The fouetté turn in classical ballet dancing is a continuous turn with the whipping of the gesture leg and the arms and the bending and stretching of the supporting leg. The knowledge of the movement intensities of both legs for the turn would be favorable for the conditioning of the dancer’s body. The purpose of this study was to estimate the intensities. The hypothesis of this study was that the intensities were higher in the supporting leg than in the gesture leg. The joint torques of both legs were determined in the turns performed by seven experienced female classical ballet dancers with inverse dynamics using three high-speed cine cameras and a force platform. The hip abductor torque, knee extensor and plantar flexor torques of the supporting leg were estimated to be exerted up to their maximum levels and the peaks of the torques were larger than the peaks of their matching torques of the gesture leg. Thus, the hypothesis was partly supported. Training of the supporting leg rather than the gesture leg would help ballet dancers perform many revolutions of the fouetté turn continuously.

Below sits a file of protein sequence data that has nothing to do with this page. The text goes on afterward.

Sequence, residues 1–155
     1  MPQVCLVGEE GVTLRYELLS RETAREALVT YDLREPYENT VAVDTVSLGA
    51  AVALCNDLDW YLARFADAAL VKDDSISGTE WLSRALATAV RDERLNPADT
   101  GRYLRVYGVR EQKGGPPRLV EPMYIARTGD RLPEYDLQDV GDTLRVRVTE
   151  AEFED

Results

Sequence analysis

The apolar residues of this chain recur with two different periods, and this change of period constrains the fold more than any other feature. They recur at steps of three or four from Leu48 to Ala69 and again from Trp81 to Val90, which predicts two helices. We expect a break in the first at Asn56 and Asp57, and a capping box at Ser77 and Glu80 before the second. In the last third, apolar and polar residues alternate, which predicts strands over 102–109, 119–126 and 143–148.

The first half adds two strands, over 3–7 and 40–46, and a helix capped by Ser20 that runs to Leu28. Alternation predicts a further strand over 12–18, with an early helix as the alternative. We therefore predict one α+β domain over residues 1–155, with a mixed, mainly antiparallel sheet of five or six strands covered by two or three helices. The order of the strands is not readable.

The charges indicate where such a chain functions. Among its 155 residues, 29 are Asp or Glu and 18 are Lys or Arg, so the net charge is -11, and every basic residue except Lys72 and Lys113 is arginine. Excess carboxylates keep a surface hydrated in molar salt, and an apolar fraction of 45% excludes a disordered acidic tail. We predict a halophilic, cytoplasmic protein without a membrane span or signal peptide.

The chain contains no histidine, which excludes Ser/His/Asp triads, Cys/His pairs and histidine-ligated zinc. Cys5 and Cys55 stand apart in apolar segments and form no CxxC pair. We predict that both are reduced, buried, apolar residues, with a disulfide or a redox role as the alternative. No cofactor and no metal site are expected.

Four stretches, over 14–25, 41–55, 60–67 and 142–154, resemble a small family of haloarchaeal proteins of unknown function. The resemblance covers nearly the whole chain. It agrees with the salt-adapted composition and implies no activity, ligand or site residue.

Akiko Imura (Corresponding Author), Yoichi Iino, and Takeji Kojima are with the Department of Sports Sciences, Graduate School of Arts and Sciences, University of Tokyo, Tokyo, Japan.